Now, install the SDK into the container, whereever you would like. Many toolchains install themselves under /opt.

At the shell inside the container, run the SDK install script (which is a self-extracting archive):

  • /tmp/poky-....sh
    • during the installation, select a toolchain installation location, like: /opt/poky/2.0.1

These instructions are for an SDK built by the Yocto Project. Similar instructions would apply for installing a different toolchain or SDK. That is, get the SDK into the container, then install it inside the container.

Create a -tools.sh file for the toolchain [edit section]

Now, fuego needs to be told how to interact with the toolchain. During test execution, the fuego system determines what toolchain to use based on the value of the PLATFORM variable in the board file for the target under test. The PLATFORM variable is a string that is used to select the appropriate '<PLATFORM>-tools.sh' file in /fuego-ro/toolchains.

You need to determine a name for this PLATFORM, and then create a file with that name, called $PLATFORM-tools.sh. So, for example if you created an SDK with poky for the qemuarm image, you might call the PLATFORM "poky-qemuarm". You would create a file called "poky-qemuarm-tools.sh"

The -tools.sh file is used by Fuego to define the environment variables needed to interact with the SDK. This includes things like CC, AR, and LD. The complete list of variables that this script neeeds to provide are described on the page tools.sh

Inside the -tools.sh file, you execute instructions that will set the environment variables needed to build software with that SDK. For an SDK built by the Yocto Project, this involves setting a few variables, and calling the environment-setup... script that comes with the SDK. For SDKs from other sources, you can define the needed variables by directly exporting them.

Here is an example of the tools.sh script for poky-qemuarm. This is in the sample file /fuego-ro/toolchains/poky-qemuarm-tools.sh:

    # fuego toolchain script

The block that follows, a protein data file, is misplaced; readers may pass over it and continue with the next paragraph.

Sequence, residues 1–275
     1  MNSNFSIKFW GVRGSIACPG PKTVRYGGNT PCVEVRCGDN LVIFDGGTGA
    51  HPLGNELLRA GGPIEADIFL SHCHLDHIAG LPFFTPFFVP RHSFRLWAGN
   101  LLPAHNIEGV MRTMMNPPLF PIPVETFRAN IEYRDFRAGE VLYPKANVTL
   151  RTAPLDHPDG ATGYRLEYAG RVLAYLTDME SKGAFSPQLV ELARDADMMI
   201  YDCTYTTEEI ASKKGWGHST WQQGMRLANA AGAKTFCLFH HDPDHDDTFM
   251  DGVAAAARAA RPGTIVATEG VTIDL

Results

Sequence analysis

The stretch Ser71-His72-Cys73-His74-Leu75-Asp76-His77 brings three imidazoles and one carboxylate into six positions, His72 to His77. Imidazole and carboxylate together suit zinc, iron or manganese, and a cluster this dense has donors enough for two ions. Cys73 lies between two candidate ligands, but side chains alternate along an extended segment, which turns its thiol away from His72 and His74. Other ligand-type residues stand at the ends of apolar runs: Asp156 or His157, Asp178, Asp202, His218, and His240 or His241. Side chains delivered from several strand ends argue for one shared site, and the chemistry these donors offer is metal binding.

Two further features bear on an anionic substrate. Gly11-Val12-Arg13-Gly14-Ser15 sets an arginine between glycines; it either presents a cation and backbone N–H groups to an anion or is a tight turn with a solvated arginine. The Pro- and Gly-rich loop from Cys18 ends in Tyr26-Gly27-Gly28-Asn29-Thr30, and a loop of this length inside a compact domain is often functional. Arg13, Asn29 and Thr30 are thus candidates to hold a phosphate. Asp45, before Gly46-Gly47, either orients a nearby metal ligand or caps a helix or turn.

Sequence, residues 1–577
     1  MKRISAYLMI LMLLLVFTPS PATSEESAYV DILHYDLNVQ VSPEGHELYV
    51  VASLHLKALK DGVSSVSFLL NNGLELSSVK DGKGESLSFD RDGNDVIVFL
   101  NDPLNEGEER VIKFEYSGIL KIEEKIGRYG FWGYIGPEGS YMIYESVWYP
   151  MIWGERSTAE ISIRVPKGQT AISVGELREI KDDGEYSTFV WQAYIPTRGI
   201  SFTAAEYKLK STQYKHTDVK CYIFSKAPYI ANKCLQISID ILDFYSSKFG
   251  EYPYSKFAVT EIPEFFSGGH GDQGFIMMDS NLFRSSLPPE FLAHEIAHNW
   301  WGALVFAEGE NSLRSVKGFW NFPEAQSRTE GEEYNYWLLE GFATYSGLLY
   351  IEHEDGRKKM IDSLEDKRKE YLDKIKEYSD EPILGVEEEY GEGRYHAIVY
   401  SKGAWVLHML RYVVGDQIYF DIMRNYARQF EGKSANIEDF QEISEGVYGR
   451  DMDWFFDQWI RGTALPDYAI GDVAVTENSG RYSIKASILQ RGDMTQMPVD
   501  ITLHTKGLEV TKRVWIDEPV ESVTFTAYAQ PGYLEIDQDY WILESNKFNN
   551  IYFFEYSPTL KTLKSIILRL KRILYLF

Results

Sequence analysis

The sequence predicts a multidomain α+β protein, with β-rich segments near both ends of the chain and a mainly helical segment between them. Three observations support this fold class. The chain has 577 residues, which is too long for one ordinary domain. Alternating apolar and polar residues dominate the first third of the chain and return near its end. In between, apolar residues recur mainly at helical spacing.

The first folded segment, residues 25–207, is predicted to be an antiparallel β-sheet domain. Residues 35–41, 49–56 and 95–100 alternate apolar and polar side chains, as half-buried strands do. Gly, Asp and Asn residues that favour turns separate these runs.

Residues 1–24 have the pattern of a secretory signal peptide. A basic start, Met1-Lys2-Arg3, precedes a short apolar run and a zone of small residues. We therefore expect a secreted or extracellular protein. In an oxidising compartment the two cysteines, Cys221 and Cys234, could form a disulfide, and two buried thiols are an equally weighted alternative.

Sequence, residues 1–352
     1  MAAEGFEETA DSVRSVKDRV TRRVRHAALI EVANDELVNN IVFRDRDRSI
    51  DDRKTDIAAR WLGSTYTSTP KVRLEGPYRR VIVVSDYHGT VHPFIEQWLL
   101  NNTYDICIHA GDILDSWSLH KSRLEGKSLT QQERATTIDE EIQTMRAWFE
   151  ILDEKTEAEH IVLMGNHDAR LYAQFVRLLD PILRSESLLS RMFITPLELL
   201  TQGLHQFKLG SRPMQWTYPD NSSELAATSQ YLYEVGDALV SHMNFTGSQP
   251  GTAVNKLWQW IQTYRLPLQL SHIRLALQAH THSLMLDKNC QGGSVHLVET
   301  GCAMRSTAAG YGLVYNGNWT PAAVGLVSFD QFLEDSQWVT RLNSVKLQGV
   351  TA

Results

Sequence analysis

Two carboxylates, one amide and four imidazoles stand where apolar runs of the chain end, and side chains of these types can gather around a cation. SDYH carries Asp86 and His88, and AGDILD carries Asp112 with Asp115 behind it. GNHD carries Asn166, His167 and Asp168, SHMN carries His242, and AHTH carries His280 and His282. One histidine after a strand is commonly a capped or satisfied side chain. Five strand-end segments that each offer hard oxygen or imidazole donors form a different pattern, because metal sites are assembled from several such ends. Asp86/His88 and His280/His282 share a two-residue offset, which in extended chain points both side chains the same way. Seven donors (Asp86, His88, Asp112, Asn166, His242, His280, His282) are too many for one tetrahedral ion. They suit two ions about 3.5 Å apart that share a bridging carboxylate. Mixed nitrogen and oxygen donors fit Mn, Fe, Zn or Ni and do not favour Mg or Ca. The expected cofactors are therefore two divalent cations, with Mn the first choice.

# this sets up the environment needed for fuego to use a toolchain
    # this includes the following variables:
    # CC, CXX, CPP, CXXCPP, CONFIGURE_FLAGS, AS, LD, ARCH
    # CROSS_COMPILE, PREFIX, HOST, SDKROOT
    # CFLAGS and LDFLAGS are optional
    #
    # this script is sourced by /fuego-ro/toolchains/tools.sh
    
    POKY_SDK_ROOT=/opt/poky/2.0.1
    export SDKROOT=${POKY_SDK_ROOT}/sysroots/armv5e-poky-linux-gnueabi
    
    # the Yocto project environment setup script changes PATH so that python uses
    # libs from sysroot, which is not what we want, so save the original path
    # and use it later
    ORIG_PATH=$PATH
    
    PREFIX=arm-poky-linux-gnueabi
    source ${POKY_SDK_ROOT}/environment-setup-armv5e-poky-linux-gnueabi
    
    HOST=arm-poky-linux-gnueabi
    
    # don't use PYTHONHOME from environment setup script
    unset PYTHONHOME
    env -u PYTHONHOME

Reference the platform in a board file [edit section]

Now, to use that SDK for building test software for a particular target board, set the value of the PLATFORM variable in the board file for that target.

Edit the board file:

  • vi /fuego-ro/boards/myboard.board

And add (or edit) the line:

  • PLATFORM="poky-qemuarm"

Notes [edit section]

Python execution [edit section]

You may notice that some of the example scripts set the environment variable ORIG_PATH. This is used by the function run_python internally to execute the container's default python interpreter, instead of the interpreter that was built by the Yocto Project.